Your translations have been sent out for in-country review – but they’re not coming back. Here’s why:
It’s terribly frustrating: your team has put a lot of effort into getting a piece of new content translated, and now you’re having trouble getting your country stakeholders to perform the task of reviewing translations and then validating them.
Before you start berating your reviewers, think first: are you really doing everything you can to make the process as smooth as possible? After all, in-country reviews do take time, especially when it competes with the thousands of other things most reviewers have on their To-Do list. However, it shouldn’t take more time than necessary.
Are you providing translations to reviewers in a coordinated fashion?
Some reviewers receive translations from several teams, all at the same time. They don’t necessarily know the context for each piece, and they’re often left to arbitrate what priority to give to each piece. So reviewers decide to review translations on a first-come, first-serve basis, or react to whoever is the loudest or closest.
Have you given them an appropriate deadline?
Don’t give reviewers only two days to review a thought leadership piece, or two weeks to review a short product description. Give reviewers an indication of how much time they should spend on different types of content. If they’re continuously spending too much time, then there’s a problem. It would be wise to sit with both the translator and the reviewer to identify the source of the problem and then resolve it.
Are you providing them enough context?
If you don’t have a portal that allows people to review translations in context, online, then you need to provide that context. At the very least, you should send the source content along with the translation. Include urls, screenshots, templates – all of these can help the reviewer understand how the translation will be used and displayed.
Are you applying the right level of translation?
There are many types of translation, including machine translation (fast, cheap, lower quality), posted-edited machine translation (pretty fast and cheap, better quality), human translation (not as fast, not as cheap, higher quality), and transcreation (not usually fast, not cheap, high quality). Given the different levels of quality, speed and cost, it’s then up to you to identify on which content you’ll spend more and where less investment will be good enough.
For instance, you probably shouldn’t use post-edited machine translation on a conceptual thought leadership piece. You’ll simply make it harder and longer to review. At the same time, using human translation on a large body of structured content might be overkill. However, be sure to use transcreation to maintain the intent of your headlines and value propositions.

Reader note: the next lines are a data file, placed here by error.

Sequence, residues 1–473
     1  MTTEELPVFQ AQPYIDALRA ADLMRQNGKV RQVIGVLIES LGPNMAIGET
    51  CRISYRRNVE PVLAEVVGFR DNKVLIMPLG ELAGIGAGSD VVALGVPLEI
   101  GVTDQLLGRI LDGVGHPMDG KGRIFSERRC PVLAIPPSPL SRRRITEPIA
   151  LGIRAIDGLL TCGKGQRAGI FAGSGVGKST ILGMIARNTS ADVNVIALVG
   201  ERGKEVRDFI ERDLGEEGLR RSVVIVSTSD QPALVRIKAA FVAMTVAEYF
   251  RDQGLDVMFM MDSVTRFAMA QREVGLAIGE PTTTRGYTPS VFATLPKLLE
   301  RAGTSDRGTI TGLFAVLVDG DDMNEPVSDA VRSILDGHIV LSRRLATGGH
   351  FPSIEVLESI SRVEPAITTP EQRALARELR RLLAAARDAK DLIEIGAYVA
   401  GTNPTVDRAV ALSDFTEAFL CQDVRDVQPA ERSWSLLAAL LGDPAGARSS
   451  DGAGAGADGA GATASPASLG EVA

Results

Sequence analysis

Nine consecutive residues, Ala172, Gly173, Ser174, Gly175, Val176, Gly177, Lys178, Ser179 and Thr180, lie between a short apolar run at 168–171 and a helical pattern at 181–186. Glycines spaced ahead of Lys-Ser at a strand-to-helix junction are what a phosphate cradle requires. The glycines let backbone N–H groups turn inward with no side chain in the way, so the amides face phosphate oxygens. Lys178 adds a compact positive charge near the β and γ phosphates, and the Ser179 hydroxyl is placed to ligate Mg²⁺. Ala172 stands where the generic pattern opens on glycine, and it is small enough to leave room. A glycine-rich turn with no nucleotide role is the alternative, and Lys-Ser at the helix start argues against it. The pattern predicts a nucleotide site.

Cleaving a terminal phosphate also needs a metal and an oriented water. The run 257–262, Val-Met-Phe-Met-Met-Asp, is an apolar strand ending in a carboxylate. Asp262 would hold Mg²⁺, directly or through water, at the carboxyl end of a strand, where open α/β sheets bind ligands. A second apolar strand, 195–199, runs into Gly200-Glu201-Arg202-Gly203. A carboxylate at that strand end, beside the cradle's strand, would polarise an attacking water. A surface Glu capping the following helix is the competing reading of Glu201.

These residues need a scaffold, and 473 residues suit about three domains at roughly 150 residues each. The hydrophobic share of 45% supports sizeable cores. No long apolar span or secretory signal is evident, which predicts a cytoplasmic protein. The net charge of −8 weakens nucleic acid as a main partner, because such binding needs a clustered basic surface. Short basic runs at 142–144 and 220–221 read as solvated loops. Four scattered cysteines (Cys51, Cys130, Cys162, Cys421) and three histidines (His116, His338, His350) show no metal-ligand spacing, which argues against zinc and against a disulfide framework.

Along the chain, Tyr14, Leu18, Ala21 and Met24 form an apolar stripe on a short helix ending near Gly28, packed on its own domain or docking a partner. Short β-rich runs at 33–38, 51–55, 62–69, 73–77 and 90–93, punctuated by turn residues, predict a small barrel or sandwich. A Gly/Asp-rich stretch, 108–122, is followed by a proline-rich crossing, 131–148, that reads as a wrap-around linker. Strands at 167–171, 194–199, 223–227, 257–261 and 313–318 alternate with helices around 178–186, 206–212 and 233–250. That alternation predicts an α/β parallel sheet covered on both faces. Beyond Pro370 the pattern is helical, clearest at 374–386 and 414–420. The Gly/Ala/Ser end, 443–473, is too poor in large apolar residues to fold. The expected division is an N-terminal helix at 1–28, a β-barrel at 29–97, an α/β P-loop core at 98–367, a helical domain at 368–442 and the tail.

Does your translation vendor have access to supporting tools?
Translation vendors don’t always use the same translator for all content from the same company in the same language. If there’s no glossary that spells out what the appropriate translation is for a specific term, you will end up with different translations. It’s useful for translators to be able to contact someone to clarify any doubts about intended meaning.
Is your source content consistent?
Using specific terms and phrases in a consistent way helps create the impression of a cohesive brand. It also reduces translation costs by increasing the number of exact matches from your translation memory. This is particularly useful for content that has a specific structure – product descriptions, for example.
Is the original content written in a way that can be easily translated?
Poorly constructed original source content leads to poor translations, and country reviewers end up having to do a lot more than review – they have to rewrite. When there’s more work than was expected, people balk and put off working on it. Make sure your content is global-ready. It shouldn’t contain idioms that take much longer to translate because translators have to think of words with equivalent intent, which is a very subjective exercise. (Examples: A perfect storm. A deer caught in headlights. Here be dragons. Take it out of the park.). There’s a lot that can be said around writing for translation, but at the very least, use short sentences with simple sentence structures and words.
Do you have a back-up plan?
Sometimes, there really isn’t anybody to review translated content, so you need to find some way to support your local teams. In some cases, companies bring in another translation company to review what the first translation company has produced. Sometimes, they hire independent editors. I’ve even heard of one company that established a network of retired personnel to review their translated content.
So you see, there’s a lot that central content managers can do to ease and speed up the review process. Country web and content teams will thank you for your efforts.
This post is part of a series '7 things that make it harder to manage multinational websites'. Read other posts currently available in this series.